They have intoxicated me with their positive outlook and passion.

I’ve also, sadly, experienced an increasing number of younger friends and relatives who have recently left this Earth at very short and unexpected notice.

Full of life one minute.

Not around the next.

Tragic, and unexpected losses.

I know that’s the way of life.

But all the same …it’s been quite a shock.

I suspect that these factors have made me much more aware that, if I am fit and able, I need to just catch opportunities and give them a go.

And do you know what?

I’m definitely doing much better at recognising opportunities.

And doing much better at catching them whenever I can …

Long may this continue … I’m convincing myself that it’s never too late.

In fact I’m having the time of my life… 😎

How did I miss them? …

I’m not sure I really noticed them in the past.

In fact I know I didn’t.

It was only when I started my walks that I was completely overwhelmed and totally fascinated by them.

They were everywhere.

In all colours and shapes.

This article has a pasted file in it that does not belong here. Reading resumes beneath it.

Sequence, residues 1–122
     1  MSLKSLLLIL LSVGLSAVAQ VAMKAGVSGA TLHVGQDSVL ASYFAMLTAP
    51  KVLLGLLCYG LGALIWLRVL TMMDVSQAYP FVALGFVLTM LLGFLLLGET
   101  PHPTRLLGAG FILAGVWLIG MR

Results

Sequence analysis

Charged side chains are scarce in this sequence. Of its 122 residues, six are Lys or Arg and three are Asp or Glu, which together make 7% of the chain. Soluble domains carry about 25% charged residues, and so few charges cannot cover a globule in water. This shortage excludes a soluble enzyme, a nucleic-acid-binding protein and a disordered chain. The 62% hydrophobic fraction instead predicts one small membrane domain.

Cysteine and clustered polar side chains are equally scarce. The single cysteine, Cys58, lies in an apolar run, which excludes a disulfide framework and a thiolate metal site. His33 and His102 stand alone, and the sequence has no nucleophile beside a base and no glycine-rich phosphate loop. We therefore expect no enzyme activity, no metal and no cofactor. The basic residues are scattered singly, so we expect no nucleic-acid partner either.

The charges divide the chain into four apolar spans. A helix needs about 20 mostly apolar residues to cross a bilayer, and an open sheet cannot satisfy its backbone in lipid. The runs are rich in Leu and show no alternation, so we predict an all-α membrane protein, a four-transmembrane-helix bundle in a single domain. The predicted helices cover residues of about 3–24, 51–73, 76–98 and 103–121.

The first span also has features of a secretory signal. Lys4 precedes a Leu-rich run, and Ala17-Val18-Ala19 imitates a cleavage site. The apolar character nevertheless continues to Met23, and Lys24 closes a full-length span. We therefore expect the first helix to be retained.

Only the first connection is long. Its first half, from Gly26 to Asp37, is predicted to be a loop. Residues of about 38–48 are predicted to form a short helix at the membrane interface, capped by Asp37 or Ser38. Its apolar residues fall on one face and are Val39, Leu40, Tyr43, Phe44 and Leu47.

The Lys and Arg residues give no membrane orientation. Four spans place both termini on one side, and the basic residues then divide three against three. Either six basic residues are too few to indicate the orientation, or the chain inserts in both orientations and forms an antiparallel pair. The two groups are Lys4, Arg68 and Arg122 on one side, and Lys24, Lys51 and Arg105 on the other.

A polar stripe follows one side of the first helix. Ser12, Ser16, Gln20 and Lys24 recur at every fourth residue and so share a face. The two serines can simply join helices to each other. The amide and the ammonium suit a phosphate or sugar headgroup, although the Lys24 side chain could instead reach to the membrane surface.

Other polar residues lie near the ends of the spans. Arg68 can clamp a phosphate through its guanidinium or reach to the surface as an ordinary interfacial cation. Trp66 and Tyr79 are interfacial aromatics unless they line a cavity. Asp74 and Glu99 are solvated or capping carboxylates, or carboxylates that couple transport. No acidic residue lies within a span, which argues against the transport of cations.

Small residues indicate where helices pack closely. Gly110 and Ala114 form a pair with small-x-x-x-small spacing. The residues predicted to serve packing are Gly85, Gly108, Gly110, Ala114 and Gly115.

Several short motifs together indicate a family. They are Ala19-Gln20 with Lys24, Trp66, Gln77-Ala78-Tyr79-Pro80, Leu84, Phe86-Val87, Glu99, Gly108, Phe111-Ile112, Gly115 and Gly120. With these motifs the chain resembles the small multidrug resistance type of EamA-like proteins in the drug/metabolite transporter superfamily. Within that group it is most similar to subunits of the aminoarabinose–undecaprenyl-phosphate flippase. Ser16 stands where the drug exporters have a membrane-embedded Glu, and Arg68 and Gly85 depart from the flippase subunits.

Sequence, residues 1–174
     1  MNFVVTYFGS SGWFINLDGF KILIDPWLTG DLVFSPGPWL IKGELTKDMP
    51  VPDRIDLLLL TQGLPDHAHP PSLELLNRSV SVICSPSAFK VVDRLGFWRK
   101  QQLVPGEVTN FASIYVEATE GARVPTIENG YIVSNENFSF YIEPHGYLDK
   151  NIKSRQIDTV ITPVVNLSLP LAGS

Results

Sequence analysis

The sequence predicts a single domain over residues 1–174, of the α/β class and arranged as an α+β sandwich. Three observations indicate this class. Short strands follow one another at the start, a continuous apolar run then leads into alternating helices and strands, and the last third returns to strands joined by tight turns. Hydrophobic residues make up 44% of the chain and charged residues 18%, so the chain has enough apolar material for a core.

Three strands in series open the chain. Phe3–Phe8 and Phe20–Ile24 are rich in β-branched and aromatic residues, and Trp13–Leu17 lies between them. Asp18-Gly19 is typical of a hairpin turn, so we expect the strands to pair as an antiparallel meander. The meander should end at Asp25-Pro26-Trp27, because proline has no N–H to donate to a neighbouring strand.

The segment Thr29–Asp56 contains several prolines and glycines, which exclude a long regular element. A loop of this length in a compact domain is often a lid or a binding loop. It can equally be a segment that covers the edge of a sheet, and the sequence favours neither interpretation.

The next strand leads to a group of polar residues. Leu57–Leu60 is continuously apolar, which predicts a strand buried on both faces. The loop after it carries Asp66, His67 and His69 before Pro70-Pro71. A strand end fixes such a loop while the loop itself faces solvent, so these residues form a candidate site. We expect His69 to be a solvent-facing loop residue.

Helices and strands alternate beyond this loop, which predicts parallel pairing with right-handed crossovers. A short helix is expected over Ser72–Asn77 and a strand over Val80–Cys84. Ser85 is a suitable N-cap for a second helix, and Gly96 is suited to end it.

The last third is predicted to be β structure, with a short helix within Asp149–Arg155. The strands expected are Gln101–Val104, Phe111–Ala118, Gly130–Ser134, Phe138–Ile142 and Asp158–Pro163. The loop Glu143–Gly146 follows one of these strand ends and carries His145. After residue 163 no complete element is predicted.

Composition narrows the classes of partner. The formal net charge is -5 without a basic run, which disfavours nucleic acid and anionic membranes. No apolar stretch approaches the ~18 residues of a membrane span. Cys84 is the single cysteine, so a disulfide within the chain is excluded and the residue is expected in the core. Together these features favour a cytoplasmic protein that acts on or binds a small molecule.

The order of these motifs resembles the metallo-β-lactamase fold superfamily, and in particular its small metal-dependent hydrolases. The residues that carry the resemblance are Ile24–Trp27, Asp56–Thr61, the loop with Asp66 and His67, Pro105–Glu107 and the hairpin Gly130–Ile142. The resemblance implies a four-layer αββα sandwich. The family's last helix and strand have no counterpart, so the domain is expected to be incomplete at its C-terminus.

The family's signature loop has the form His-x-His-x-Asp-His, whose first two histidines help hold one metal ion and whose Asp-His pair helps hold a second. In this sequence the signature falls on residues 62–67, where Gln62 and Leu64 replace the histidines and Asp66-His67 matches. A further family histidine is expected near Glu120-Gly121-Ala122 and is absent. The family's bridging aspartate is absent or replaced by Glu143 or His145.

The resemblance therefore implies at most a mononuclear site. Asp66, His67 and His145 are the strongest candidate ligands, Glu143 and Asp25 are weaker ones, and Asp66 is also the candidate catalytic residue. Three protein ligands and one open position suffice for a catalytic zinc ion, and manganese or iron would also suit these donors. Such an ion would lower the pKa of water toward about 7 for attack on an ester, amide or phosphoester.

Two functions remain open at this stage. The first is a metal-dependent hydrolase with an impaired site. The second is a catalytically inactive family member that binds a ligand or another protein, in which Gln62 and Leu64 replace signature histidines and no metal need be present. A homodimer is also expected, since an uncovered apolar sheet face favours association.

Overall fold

Changing with the days, the weeks, the seasons.

I’m talking about trees.

I love them.

What a history they tell.

How beautiful they are.

When I see the sun reflecting through the leaves, changing by the minute, I could watch them for ages.

My friends even post tree pictures on social media and specifically tag them to me in a lovely “saw this and thought of you” way.

After I got past my “how did I miss this?” phase I realised I was just rushing too fast in life and missing the journey.

Almost everything on my walks became amazingly fascinating.

The photo in this post is of a local tree I’ve been trying to capture for ages but my timing has always been wrong.

One afternoon last week, driving home, I saw it but couldn’t park anywhere near it.

So I went home and did the long walk back to it and thanked it for not shedding its leaves while I parked up!

In a previous life I suspect I was probably a tree…. well that would be my choice if I had any say in who or what I was 😎 …